# Number TheoryProof that the product of 4 consecutive numbers is not a perfect square.

#### speencer

##### New member
Hey,

I was thinking and I realized that this is true and I want to prove it but I have nowhere to start. If anyone knows any way to prove can you give me some advice on where to start.

#### Opalg

##### MHB Oldtimer
Staff member
Hey,

I was thinking and I realized that this is true and I want to prove it but I have nowhere to start. If anyone knows any way to prove can you give me some advice on where to start.
Hint: Any four consecutive integers include one multiple of 4 and an odd multiple of 2.

#### Evgeny.Makarov

##### Well-known member
MHB Math Scholar
Hint: Any four consecutive integers include one multiple of 4 and an odd multiple of 2.
And obviously "an odd multiple of 2" here means the product of 2 and an odd number, not a multiple of 2 that is odd.

#### chisigma

##### Well-known member
Hey,

I was thinking and I realized that this is true and I want to prove it but I have nowhere to start. If anyone knows any way to prove can you give me some advice on where to start.
The correct formulation should be...

Prove that the product of four consecutive numbers all different from 0 is not a perfect square...

Kind regards

$\chi$ $\sigma$

#### soroban

##### Well-known member
Hello, speencer!

Prove that the product of four consecutive positive integers is not a perfect square.

The four consecutive positive integers are: .$$x,\,x+1,\,x+2,\,x+3$$

Suppose their product is a perfect square.
. . $$x(x+1)(x+2)(x+3) \:=\:k^2\;\text{ for some integer }k.$$

We have: .. . . $$x(x+3)\cdot(x+1)(x+2) \:=\:k^2$$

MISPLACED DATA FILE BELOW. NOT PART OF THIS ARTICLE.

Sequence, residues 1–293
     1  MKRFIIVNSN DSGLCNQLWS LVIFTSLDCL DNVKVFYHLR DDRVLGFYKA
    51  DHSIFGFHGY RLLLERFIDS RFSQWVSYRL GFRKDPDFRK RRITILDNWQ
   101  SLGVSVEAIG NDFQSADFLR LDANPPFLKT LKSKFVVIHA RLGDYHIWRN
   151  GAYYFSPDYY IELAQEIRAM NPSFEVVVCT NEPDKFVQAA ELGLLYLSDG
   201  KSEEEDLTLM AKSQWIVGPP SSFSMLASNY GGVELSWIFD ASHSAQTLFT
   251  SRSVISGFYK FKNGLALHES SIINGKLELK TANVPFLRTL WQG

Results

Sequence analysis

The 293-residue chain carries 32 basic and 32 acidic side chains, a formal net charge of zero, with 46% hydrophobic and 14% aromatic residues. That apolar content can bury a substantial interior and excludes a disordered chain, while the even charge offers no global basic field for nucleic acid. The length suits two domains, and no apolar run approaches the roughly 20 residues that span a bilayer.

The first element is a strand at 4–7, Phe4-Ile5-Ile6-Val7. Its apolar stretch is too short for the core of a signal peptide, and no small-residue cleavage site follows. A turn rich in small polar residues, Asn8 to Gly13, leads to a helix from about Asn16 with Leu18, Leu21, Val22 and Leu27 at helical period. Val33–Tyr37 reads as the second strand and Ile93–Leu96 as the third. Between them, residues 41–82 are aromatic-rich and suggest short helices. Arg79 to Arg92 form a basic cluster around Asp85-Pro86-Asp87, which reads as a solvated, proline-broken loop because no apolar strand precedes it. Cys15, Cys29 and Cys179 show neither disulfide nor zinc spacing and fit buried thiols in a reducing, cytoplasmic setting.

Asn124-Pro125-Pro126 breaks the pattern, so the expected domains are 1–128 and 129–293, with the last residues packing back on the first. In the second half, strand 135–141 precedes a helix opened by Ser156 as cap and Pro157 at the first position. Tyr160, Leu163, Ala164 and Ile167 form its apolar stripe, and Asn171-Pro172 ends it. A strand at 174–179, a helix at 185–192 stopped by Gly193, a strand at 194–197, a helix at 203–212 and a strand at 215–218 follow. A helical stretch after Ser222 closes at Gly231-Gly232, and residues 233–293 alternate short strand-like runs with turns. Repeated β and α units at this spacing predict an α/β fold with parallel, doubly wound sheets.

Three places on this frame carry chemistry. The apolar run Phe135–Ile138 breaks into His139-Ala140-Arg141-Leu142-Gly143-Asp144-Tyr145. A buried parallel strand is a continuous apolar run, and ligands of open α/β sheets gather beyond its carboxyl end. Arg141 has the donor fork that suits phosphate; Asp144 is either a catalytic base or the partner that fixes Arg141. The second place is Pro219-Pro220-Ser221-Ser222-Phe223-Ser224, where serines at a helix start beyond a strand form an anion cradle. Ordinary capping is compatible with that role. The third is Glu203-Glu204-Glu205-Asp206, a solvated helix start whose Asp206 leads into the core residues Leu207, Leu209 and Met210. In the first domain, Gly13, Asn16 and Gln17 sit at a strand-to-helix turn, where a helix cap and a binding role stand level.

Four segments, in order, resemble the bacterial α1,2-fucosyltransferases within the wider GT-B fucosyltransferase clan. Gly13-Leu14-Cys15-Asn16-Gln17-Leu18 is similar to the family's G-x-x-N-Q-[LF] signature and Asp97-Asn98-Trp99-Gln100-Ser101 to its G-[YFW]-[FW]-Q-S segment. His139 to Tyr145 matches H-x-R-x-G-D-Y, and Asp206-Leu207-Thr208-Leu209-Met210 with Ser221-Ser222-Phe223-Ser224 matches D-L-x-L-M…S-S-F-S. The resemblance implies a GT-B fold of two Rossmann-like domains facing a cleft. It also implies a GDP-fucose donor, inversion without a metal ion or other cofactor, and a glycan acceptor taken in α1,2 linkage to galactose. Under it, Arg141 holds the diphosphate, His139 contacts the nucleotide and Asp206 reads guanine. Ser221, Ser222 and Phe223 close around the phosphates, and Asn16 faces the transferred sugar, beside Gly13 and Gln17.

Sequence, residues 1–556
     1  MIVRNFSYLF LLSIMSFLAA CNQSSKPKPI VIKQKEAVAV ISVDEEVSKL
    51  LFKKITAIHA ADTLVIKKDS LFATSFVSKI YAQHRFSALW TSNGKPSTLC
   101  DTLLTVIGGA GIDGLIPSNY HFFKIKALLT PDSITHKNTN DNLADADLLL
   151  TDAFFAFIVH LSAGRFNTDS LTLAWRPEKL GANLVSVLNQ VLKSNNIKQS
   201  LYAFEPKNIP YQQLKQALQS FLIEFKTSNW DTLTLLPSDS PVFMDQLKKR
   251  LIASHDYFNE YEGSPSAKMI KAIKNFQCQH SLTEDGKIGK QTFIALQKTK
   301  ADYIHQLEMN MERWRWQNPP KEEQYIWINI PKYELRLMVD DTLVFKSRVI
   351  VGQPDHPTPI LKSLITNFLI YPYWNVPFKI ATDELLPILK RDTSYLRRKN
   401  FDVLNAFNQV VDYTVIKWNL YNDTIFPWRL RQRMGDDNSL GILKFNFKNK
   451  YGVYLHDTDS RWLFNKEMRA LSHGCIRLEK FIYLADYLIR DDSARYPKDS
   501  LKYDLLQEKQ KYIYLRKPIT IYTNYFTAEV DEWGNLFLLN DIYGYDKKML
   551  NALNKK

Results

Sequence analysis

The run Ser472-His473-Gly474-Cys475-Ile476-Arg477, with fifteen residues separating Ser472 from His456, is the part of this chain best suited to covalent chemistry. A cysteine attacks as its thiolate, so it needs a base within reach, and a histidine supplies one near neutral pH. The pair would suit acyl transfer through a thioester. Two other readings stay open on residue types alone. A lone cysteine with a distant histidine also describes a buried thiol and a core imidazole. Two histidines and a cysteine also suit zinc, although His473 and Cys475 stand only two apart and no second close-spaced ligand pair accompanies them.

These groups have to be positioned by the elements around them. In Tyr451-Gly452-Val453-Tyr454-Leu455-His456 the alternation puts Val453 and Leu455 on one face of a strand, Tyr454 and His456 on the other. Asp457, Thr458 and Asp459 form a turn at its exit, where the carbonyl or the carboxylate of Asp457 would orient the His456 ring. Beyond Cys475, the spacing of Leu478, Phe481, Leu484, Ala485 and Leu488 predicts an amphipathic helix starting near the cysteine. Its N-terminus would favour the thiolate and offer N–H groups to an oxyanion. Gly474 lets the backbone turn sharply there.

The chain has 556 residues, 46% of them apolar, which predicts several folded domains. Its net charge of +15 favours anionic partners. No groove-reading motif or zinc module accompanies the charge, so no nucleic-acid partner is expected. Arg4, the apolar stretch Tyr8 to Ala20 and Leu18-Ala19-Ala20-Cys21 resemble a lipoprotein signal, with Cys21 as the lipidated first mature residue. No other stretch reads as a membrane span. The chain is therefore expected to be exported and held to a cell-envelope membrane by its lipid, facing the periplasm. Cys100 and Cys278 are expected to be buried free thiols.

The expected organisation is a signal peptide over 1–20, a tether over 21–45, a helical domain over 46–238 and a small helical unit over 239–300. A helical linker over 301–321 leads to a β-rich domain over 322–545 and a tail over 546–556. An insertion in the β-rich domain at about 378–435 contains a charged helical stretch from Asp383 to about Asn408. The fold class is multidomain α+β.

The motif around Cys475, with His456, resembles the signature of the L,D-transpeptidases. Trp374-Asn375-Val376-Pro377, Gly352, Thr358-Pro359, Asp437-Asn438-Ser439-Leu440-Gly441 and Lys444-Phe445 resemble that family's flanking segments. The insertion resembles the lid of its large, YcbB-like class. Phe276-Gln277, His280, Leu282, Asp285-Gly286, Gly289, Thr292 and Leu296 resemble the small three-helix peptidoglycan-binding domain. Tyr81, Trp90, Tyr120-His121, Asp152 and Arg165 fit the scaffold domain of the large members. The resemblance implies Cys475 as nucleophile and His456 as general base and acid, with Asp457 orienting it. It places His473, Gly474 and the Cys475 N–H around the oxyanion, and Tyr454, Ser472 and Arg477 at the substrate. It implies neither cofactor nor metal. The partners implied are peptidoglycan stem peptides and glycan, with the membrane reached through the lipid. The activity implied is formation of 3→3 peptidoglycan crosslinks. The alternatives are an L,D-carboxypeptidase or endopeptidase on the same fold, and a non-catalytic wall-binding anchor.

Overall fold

. . . . . . . . . . . . $$(x^2+3x)(x^2+3x+2) \:=\: k^2$$

. $$\big[(x^2+3x+1)-1\big]\big[(x^2+3x+1) + 1\big] \:=\:k^2$$

. . . . . . . . . . . . . . . $$(x^2+3x+1)^2 - 1^2 \:=\:k^2$$

And we have: .$$(x^2+3x+1)^2 - k^2 \:=\:1$$
. . The difference of two squares is 1.

The only case is when: $$x^2+3x+1 \:=\:1\,\text{ and }\,k\:=\:0$$

If $$k = 0$$, then one of the four integers must be zero.

Therefore, the product of four consecutive positive integers cannot be a square.

#### caffeinemachine

##### Well-known member
MHB Math Scholar
Hey,

I was thinking and I realized that this is true and I want to prove it but I have nowhere to start. If anyone knows any way to prove can you give me some advice on where to start.
To know how to start its a good idea to "get your hands dirty". Start putting values of $n$ in $f(n)=n(n+1)(n+2)(n+3)$.

You get:
$f(1)=24, f(2)=120, f(3)=360, f(4)=840$.
Each of these is equal to a one less a square.
So one can guess that $f(n)$ always is equal to $k^2-1$ for some $k$.
Then one can go ahead in the direction of proving it which many have done in the previous posts.